“The only company promoting local meat, and I say this loosely, is Wendy’s,” Lavers said. “They point out in their commercials that some companies bring meat all the way from Australia, but not Wendy’s. Their meat comes from right here in North America. We got rid of (Country of Original Labels) and look what happened to our market.”

He sees ways to attack the problem.

“So much of the problem is described as a lack of a cash market,” he said. “OK, let’s fix that. How about cutting the packer contracts so that a minimum of 50 percent of the market is cash. Or maybe, as an industry, we should start looking at antitrust laws.”

Brothers raise cattle for high desert Thu, 1 Dec 2016 10:22:22 -0500 Hear Smith Thomas The Duckett brothers grew up on a ranch in Oregon, went to college, then worked at other jobs.

A few years later they decided they wanted their families and children to have the same opportunities they had as kids, growing up on a ranch.

Matt Duckett purchased some registered cows in 2005, and they went into partnership on an Idaho ranch in 2007. Their cows are wintered along the Snake River and summered near Cascade and Donnelly, Idaho.

“In 2007 Adam and I started acquiring registered cows from some of the best purebred Angus and Hereford operations in the western U.S.,” Matt said.

Their objective is to raise cattle that will work in the high desert environment.

“In our program, three-quarters of our cow herd is Angus and one-quarter is Hereford,” he said. “We also farm in Canyon and Owyhee counties, raising forage, row crops and seed crops and do custom haying and straw baling.”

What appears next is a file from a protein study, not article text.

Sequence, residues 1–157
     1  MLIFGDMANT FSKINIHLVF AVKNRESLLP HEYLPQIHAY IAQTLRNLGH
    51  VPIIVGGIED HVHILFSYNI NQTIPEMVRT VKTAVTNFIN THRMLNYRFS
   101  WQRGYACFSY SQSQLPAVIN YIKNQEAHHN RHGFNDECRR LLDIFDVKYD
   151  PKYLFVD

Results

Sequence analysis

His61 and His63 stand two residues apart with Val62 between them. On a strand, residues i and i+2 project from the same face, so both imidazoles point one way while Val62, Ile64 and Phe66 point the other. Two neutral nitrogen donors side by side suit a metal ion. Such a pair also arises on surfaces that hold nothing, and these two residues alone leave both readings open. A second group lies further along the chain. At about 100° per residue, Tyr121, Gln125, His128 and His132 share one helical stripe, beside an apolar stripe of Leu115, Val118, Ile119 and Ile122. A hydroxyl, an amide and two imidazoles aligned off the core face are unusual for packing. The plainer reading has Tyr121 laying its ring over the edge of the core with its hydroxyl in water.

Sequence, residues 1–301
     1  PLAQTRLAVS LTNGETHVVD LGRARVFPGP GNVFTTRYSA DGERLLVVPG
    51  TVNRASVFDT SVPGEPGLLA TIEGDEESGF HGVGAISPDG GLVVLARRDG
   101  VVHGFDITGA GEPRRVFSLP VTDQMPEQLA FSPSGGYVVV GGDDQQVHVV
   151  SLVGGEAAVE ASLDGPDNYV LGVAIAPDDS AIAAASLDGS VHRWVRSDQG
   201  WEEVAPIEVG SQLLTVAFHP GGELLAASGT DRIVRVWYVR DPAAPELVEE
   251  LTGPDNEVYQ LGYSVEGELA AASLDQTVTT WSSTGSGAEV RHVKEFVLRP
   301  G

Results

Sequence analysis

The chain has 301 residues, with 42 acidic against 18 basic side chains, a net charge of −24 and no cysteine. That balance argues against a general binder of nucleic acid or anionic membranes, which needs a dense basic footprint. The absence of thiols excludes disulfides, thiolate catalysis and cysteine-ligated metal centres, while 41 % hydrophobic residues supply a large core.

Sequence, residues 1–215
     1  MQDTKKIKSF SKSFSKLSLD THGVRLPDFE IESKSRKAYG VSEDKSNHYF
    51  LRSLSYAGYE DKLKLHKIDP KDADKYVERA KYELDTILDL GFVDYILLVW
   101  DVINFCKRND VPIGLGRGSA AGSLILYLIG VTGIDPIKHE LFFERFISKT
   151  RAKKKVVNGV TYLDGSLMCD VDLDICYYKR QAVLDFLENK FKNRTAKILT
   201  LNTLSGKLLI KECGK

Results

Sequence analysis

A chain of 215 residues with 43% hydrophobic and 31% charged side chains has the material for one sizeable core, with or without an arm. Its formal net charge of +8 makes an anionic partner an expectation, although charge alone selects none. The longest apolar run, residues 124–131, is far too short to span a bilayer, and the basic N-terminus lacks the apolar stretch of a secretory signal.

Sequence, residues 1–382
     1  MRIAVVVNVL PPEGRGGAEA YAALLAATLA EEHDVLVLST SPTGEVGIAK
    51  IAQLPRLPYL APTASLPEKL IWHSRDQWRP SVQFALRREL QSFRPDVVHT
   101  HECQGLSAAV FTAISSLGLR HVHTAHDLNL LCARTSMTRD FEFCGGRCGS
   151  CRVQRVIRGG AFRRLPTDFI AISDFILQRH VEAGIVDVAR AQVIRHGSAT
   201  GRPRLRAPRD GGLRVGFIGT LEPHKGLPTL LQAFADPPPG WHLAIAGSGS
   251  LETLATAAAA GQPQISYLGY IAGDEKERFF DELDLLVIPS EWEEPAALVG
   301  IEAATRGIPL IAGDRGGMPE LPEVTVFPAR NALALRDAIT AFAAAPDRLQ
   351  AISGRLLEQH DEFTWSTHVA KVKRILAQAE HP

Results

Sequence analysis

In 2014 they built a backgrounding lot on one of their places near Melba.

“We grow a lot of feed, and can feed cattle fairly reasonably,” Matt said. They background cattle for some of the best cattle feeders in the Northwest.

“Our long-term goal is to feed some of our bull customers’ calves and gather data on how these calves perform in the feedlot. We’ll use that information to help us improve our genetic selection,” he said.

The breeding program includes artificial insemination and embryo transfer, using proven sires to produce cattle that excel on the ranch, in the feedlot and on the rail.

“We want to provide genetics our customers need to be competitive and profitable,” he said.

“The genetics we select will also be our future females — our bull-making factories. The main criteria when evaluating sires is whether we’ll be happy with their daughters when they go into our herd.” he said. “If a bull doesn’t pass that test we don’t look at him any farther.”

This is a family operation. “Adam and I started from scratch. This coming year will be our ninth season selling bulls.”

Their sale is the second Tuesday in February and is held at the ranch. Many of the bulls go to the same customers who have bought them the past nine years.